The 13th African Union summit opens Wednesday in the Libyan coastal
town of Sirte, birthplace of the continent's longest serving leader,
host Moammar Gadhafi. The pre-summit buzz is all about who is
attending, as well as how many, and which African leaders may stay away.
Omar Hassan al-Bashir of Sudan will be there in defiance of an ICC war
crimes indictment, Italy's Prime Minister Silvio Berlusconi and
Brazil's President Lula da Silva are also on the guest list. Talk on
the street is that North Korea is sending an observer delegation. But
perhaps the biggest news is that Egyptian President Hosni Mubarak may
make an appearance.
The 81-year-old Egyptian leader has not been
to a gathering of African leaders since he escaped an assassination
attempt during a summit of the Organization of African Unity in Addis
Ababa in 1995.
VOA was unable to obtain a visa to attend, but
diplomats and journalists who did say the summit site is taking on a
festival atmosphere. The pre-summit chatter is dominated by the big
name guest list.
The last summit in February drew only 21
heads of state to see Moammar Gadhafi sworn in. There was concern the
turnout this time might be no better. But with Mr. Gadhafi talking
about ramming through some of his controversial proposals for a United
States of Africa, many would-be stay-at-homes may show up after all.
sideline events have already produced an apparent breakthrough, this
one on Somalia. Reporters in Sirte say IGAD, the regional grouping of
East African countries will ask the summit to change the weak AU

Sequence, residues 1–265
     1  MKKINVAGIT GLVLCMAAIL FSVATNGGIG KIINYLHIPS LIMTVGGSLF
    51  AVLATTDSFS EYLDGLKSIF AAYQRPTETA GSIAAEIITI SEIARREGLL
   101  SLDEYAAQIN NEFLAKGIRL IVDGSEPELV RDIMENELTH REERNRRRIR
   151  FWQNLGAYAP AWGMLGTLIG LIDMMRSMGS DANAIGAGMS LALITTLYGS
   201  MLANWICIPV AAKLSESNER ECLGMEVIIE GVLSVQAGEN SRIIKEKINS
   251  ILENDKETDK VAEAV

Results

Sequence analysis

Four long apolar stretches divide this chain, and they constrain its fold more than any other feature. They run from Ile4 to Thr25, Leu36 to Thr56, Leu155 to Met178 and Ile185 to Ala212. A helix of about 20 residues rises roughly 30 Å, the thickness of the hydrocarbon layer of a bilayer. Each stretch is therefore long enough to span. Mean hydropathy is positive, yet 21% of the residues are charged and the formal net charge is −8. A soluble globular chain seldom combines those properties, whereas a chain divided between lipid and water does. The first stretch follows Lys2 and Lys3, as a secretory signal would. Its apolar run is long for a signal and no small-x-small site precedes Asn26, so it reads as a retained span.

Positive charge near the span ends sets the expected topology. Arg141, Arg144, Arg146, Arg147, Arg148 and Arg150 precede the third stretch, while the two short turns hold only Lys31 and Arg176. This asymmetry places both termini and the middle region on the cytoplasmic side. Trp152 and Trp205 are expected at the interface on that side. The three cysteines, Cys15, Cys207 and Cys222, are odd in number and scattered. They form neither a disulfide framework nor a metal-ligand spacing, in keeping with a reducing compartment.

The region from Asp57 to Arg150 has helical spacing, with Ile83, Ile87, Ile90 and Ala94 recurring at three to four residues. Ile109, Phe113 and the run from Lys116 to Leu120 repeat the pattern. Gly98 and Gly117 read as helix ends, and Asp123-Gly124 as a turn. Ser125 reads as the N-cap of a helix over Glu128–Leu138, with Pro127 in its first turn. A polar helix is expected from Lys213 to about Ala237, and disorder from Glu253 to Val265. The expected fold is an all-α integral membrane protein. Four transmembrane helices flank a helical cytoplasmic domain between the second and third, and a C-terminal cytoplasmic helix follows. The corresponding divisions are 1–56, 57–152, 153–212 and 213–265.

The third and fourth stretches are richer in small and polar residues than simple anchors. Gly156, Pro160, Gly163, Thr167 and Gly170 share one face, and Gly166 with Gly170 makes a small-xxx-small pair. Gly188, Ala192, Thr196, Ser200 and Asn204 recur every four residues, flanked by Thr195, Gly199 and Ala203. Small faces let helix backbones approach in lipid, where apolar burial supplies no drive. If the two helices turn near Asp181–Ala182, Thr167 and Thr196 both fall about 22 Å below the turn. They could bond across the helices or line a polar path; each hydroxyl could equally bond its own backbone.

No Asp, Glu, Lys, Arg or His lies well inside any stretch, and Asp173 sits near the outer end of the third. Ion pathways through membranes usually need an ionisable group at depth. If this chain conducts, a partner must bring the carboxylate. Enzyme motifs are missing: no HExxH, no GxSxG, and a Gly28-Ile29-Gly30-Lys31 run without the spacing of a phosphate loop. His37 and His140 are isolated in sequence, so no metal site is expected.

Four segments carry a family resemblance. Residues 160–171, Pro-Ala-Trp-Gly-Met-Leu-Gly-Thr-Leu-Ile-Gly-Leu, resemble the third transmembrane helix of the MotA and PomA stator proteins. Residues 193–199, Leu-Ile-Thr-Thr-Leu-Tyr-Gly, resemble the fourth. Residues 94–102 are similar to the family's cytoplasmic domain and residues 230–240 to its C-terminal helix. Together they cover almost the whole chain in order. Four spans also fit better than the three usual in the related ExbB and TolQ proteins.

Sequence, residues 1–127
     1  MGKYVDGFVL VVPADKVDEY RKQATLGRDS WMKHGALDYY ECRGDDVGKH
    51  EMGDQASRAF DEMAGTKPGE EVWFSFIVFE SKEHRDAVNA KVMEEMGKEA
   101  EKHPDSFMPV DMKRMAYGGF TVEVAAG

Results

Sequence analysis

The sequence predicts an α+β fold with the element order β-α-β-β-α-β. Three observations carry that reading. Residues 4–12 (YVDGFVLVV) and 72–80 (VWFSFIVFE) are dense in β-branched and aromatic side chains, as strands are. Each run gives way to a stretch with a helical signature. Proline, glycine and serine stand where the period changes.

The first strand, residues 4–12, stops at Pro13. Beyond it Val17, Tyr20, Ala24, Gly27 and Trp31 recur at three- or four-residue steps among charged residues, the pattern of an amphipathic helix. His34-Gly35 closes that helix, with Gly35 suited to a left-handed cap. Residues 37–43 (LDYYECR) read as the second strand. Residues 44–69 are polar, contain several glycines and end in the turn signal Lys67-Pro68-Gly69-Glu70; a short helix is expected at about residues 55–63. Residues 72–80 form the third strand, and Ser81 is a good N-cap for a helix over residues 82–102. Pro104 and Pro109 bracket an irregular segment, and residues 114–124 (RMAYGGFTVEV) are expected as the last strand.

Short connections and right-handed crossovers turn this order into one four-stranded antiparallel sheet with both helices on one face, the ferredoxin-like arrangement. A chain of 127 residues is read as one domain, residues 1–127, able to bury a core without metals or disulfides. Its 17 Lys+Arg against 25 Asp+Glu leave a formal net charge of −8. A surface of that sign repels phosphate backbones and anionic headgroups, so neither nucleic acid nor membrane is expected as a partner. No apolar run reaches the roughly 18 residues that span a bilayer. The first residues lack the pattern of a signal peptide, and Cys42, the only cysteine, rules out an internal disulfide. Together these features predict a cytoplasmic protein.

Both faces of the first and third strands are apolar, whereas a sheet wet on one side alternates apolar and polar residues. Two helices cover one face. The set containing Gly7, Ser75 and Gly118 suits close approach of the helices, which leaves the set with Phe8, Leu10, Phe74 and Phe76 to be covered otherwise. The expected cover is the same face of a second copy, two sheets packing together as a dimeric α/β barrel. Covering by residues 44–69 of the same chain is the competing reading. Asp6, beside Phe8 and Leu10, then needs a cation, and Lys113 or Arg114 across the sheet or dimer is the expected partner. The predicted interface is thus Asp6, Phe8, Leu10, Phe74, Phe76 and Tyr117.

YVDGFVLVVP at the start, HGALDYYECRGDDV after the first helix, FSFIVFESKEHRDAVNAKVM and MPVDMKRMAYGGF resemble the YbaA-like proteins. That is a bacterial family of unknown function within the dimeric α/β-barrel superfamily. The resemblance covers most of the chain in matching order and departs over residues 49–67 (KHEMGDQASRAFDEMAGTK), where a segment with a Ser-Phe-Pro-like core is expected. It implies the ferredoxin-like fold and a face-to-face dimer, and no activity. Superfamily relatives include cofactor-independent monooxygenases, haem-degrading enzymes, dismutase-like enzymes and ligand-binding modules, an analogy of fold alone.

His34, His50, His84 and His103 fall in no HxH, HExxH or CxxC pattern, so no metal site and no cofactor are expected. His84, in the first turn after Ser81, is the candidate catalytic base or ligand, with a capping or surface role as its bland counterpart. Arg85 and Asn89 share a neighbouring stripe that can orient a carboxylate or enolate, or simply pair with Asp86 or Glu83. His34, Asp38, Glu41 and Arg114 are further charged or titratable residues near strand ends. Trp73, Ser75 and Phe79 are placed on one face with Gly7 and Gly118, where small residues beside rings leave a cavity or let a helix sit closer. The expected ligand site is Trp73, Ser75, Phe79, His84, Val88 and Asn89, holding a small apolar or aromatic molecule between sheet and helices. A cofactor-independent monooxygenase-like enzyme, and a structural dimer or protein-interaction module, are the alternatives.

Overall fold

peacekeeping mission AMISOM to a robust fighting force.
which comprises six East African countries is said to be looking at
reversing an earlier ruling that prohibited Somalia's neighbors from
sending troops to AMISOM. Two IGAD powers, Ethiopia and Kenya border
Somalia, and are being urged in many quarters to play a more
significant role in helping their neighbor.
Kenneth Mpysi of the
Institute for Security Studies in Addis Ababa says the summit come
none too soon for Somalia, the Horn of Africa nation whose future hangs
by a thread.
"I think IGAD will push the African Union to
continue and strengthen its role in terms of political will from the
wider body, now we might be seeing increased political will as the
situation aggravates. So Somalia might be one of the areas where we
might see something significant coming out of it, particularly because
there is this push from IGAD," he said.
Other security issues
slated to receive summit attention include the recent political
troubles in Niger, and unconstitutional changes of government or
attempted coups in Madagascar, Mauritania, Guinea and Guinea-Bissau.
on the agenda will be an attempt by some member states to express the
continent's unified opposition to the war crimes indictment against
Sudan's President Omar Hassan al-Bashir.
The pending ICC
(International Criminal Court) indictments were a hot topic at the last
meeting in February. But an attempt to forge a consensus failed at a
pre-summit session in Addis Ababa last month, when only a handful of
countries supported a Libyan and Sudanese backed initiative to withdraw
in unison from the ICC's founding agreement.
The three-day Sirte summit begins with an public session Wednesday, and closes with another open meeting Friday.